Considering national initiatives to increase the overall number of engineering graduates, improving the persistence of students to remain in engineering disciplines through to graduation has become a pivotal strategy. Although lack of interest or ability has been used to explain why some leave engineering prior to graduating, the degree to which engineering becomes central to a student’s self-concept (i.e., engineering identity) has been supported as a better explanatory factor in retention-related outcomes. The focus of this paper is the development of a concise quantitative instrument that measures undergraduate students’ engineering identity, thus allowing for further understanding of engineering retention through identity. Survey responses from participants entering and throughout their first year of an undergraduate engineering program at a large southeastern university were used to develop and validate the 5-item measure.
In developing the measure, eleven identity items either adapted from the career identity literature or generated for this project were evaluated. First-semester survey responses to these items were analyzed to determine which items were most suitable to include in a 5-item measure of engineering identity. An exploratory factor analysis indicated that the identity items represented a single construct, a finding that was confirmed with confirmatory factor analyses (CFA). The identity measure was reduced to five items by using CFA modification indices, examining factor loadings, and emphasizing items from the existing literature. Finally, two other survey samples were used to validate the 5-item measure, including a sample of participants entering the engineering program and a sample of second-semester engineering students. Fit indices for the 5-item measure were satisfactory for all samples, and Cronbach’s alpha for the identity measure was above recommended levels for all three samples.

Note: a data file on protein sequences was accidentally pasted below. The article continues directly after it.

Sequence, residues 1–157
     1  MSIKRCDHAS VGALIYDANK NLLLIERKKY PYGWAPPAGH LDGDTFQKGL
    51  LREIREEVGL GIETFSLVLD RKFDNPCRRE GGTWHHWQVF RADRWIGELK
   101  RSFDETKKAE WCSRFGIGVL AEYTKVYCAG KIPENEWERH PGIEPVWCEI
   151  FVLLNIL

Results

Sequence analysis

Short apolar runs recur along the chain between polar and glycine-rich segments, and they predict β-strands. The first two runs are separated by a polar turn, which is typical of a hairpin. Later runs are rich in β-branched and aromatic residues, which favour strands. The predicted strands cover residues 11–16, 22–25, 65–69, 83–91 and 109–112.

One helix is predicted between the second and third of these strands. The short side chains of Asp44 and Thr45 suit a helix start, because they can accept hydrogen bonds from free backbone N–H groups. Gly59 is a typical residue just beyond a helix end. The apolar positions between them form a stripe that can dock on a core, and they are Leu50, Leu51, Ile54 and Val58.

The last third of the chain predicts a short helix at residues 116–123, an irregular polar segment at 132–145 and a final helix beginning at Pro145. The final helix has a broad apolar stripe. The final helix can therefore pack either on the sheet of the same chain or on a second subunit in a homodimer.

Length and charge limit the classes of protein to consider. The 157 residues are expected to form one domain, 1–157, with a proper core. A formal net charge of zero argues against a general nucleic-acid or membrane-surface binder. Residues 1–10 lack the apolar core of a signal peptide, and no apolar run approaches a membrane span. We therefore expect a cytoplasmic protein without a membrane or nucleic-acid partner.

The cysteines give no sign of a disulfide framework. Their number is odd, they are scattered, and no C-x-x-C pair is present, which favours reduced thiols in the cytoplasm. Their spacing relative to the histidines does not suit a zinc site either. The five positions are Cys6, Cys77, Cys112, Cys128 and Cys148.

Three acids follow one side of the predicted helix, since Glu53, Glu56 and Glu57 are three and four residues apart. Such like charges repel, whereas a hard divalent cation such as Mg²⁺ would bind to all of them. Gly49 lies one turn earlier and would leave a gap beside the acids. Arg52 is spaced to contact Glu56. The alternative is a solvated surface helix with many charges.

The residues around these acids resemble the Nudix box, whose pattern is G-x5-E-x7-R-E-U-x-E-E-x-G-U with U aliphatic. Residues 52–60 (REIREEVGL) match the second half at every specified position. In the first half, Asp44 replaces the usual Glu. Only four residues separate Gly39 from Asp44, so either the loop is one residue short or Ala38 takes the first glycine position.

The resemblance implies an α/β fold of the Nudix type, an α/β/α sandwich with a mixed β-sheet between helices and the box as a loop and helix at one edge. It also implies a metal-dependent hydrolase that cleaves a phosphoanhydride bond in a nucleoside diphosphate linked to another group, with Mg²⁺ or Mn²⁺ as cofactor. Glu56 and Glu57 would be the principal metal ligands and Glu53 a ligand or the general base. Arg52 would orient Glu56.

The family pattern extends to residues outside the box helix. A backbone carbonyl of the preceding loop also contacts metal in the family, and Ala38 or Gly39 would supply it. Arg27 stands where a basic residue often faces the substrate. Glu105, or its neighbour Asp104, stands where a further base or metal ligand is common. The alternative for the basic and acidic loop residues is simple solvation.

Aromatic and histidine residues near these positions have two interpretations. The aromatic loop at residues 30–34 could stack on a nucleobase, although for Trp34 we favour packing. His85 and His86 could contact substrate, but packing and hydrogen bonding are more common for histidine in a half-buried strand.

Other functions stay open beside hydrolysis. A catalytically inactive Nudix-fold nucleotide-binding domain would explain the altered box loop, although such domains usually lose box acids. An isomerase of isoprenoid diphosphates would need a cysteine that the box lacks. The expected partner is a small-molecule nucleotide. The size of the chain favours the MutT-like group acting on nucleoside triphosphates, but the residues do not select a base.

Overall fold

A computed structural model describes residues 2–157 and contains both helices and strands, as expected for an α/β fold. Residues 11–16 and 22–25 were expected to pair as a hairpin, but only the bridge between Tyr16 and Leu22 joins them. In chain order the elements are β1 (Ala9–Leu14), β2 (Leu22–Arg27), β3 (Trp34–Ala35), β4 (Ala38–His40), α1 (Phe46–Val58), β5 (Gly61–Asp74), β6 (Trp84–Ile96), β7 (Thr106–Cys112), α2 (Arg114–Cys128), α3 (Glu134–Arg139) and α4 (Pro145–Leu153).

Convergent validity was demonstrated by significant positive correlations between the 5-item identity measure and each of the three dimensions of embeddedness (fit, links, and sacrifice). Discriminant validity was demonstrated through nonsignificant correlations between identity and participant SAT scores. Lastly, predictive validity was demonstrated through significant relationships between identity and major satisfaction one semester later. Predictive validity was further demonstrated with retention data; identity measured upon entry and after one semester in the engineering program was significantly negatively related to first-year engineering retention. Discriminant, convergent, and predictive validity for the 5-item measure will continue to be assessed as longitudinal data are gathered regarding student engineering identity in their second year in the engineering program.
The paper describes progress to date in the validation of this measure, future steps, and the potential utility of the measure. Having a concise, validated measure of identity will be valuable for quick assessment of student engineering identity and gaining further understanding of retention in engineering disciplines. This work was supported by a National Science Foundation IUSE grant.
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